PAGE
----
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Bad News for People Who Love Coffee and Loud Music

According to recent research published in the Journal of the American Medical Association, caffeine can impair the recovery of noise-induced hearing loss.
Coffee Time

Is there any better antidote to a big, loud night out than sitting alone in your silent kitchen and sipping on coffee?

As the previous night's events slowly trickle back into consciousness—no matter how sweet or depraved—the coffee is always there to deliver a reliable dose of the world's most widely used psychoactive substance. But this time-honored recovery method and form of meditation might actually be doing more harm than good for the legions of partygoers who adhere to it.

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Strange as it seems, coffee could be having a significant impact on people's hearing. According to recent research published in the Journal of the American Medical Association, caffeine can impair the recovery of noise-induced hearing loss. Obviously, this has implications beyond the realm of parties and concerts.

READ MORE: This Is How We All Got Addicted to Caffeine

"Since both caffeine intake and noise related hearing loss are so common in our society, these findings could have a significant impact on the general population, especially for those who ingest high doses of caffeine regularly," according to researchers.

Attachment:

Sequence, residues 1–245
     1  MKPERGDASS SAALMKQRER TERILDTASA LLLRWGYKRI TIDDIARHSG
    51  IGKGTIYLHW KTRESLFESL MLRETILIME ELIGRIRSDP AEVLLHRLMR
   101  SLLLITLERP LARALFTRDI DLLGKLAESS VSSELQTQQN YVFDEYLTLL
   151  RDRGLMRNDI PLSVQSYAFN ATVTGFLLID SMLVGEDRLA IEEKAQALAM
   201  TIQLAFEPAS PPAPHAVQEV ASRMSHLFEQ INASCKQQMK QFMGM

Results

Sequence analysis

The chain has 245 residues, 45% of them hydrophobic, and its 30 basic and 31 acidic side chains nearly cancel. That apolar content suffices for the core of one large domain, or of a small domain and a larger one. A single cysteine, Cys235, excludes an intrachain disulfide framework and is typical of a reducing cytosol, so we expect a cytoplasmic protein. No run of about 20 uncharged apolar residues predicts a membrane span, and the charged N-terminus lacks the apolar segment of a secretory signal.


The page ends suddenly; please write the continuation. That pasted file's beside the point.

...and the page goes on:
The researchers in this study used an animal model and exposed two groups to a noise level of 110 dB (the same as a "loud rock concert") for one hour. One group received a daily dose of caffeine, while the other was caffeine-free. Though both groups had suffered hearing loss the day after being exposed to the loud noise, only the caffeine-free group managed to make a full recovery eight days later. The caffeinated group, on the other hand, continued to suffer from hearing impairment, meaning that the caffeine appeared to be the culprit.

"Our research confirmed that exposure to loud auditory stimuli coupled with daily consumption of 25mg/kg of caffeine had a clear negative impact on hearing recovery," lead author Faisal Zawawi said in a press release. While the research team conceded that further trials would need to be conducted using human subjects in order to clarify the implications for you and your heavy-metal-loving buddies, they said results were "promising." In other words, it's bad news for coffee drinkers.

So, next time you find yourself chugging black coffees after a night of partying, know that it could be silencing not just the voices inside your head, but the ones outside of it as well.